Wednesday, 25 July 2012

Comic Strip Time Team: Operation Proteus


"I make it a habit not to interfere, but on this occasion I believe I have done well."

Writer: Gareth Roberts
Artist: Martin Geraghty
Published in DWM Issues 231-233 (1995)

TARDIS Crew: First Doctor and Susan
Chronology: Before 'An Unearthly Child'
Time & Space: Mid-1963, King's Cross, London

Story: Susan witnesses a young man's sudden transformation into a strange alien creature - which promptly dies.  Susan and the Doctor investigate and unearth a top-secret government research established beneath King's Cross station.

There, the Doctor encounters Raldonn, a stranded alien who has been taken in by the British Government and put to work on the creation of illegal chemical weapons.  However Raldonn has secretly been undertaking his own experiments, trying to create a serum that will cause humans to mutate into his own species and providing Raldonn with a co-pilot, allowing him to escape the Earth.

Raldonn releases the serum into the atmosphere and Londoners begin to mutate.  The Doctor engineers a cure to the serum and Raldonn is killed by one of the mutated creatures.

Mark's Remarks:  For a writer who is usually known for the amount of humour in his stories, this is a surprisingly humour-free offering from Gareth Roberts  That's no bad thing though as it fits in with the era of the series where the story is set as well as the First Doctor's character at this point.  While not exactly humourless, the early First Doctor was certainly more detached and distant than he would later become.  Also in keeping with this era, the Doctor is reluctant to get involved with events but is forced into action - something we'll see regularly throughout the first season on TV.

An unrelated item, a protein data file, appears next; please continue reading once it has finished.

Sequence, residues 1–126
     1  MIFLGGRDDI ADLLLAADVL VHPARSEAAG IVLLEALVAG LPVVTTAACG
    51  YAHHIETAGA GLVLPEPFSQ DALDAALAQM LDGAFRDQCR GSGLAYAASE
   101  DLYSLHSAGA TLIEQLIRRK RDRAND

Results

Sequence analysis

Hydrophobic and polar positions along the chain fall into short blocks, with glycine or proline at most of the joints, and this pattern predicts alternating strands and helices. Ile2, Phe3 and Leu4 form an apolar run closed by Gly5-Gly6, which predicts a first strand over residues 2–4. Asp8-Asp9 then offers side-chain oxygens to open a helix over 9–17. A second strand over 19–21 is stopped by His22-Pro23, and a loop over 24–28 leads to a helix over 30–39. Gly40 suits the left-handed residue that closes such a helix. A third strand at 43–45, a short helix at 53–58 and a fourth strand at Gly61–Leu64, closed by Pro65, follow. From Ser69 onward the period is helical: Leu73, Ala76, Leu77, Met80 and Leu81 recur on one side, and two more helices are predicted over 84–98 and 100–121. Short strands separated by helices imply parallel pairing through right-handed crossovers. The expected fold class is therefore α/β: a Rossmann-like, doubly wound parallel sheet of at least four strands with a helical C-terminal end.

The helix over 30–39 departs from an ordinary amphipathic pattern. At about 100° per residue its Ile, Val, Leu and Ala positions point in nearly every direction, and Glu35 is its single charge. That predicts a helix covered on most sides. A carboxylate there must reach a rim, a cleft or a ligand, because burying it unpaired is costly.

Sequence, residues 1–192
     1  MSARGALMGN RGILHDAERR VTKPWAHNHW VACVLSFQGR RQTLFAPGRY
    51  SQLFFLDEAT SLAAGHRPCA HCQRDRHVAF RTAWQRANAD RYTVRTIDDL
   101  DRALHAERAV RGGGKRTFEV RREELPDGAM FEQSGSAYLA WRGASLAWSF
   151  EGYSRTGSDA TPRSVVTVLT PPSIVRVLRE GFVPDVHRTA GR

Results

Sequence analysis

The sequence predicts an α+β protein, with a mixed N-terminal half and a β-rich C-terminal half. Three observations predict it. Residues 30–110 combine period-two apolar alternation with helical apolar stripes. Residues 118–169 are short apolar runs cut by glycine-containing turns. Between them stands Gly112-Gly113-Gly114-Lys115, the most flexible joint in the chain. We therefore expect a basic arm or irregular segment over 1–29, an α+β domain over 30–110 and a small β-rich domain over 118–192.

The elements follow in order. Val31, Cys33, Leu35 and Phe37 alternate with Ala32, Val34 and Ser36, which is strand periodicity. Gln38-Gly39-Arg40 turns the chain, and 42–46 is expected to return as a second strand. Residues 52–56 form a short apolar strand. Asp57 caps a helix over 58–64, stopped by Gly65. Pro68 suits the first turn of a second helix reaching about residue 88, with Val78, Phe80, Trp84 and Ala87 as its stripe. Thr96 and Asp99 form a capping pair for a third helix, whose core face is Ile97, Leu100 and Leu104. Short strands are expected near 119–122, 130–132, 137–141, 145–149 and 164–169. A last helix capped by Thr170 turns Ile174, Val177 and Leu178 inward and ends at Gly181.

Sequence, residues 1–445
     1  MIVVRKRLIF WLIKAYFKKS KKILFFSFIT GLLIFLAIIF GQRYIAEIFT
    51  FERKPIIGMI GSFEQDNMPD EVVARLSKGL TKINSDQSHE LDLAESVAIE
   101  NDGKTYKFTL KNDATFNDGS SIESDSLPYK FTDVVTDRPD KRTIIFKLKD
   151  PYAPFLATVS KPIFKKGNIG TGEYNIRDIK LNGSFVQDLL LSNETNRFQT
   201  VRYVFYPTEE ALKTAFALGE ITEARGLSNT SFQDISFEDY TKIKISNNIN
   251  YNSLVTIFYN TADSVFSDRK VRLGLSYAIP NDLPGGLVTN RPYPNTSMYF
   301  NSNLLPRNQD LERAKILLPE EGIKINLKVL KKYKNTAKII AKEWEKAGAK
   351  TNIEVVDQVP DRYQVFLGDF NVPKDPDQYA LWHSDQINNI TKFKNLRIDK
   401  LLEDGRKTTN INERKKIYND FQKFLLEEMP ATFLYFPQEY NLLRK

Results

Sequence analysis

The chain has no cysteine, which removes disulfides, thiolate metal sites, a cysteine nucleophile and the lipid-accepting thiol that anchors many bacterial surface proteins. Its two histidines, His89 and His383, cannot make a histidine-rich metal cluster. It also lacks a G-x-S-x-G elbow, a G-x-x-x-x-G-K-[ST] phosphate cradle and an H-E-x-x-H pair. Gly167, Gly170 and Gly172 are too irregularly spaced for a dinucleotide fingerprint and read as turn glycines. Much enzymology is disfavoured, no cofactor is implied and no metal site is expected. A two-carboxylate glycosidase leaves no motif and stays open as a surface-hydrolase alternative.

One aspect of the story that I do like is the that the villain of the piece, Raldonn, is actually quite a well-rounded character.  He's not evil for the sake of being evil but someone who is a victim of circumstance and is just doing what he can to get home.  In fact, I had more sympathy for him than I did for the Minister who had forced Raldonn to build illegal weapons for the British Government.  And I think the Doctor felt the same way.

On the whole, this is a good little story, with some nice, suitably atmospheric artwork from Martin Geraghty.  It's a strong start to our marathon although ultimately fairly inconsequential in the grand scheme of things.  Well, except for this...

...which is nice little tease for something that we'll be coming back to much, much later.

Next up: A Religious Experience

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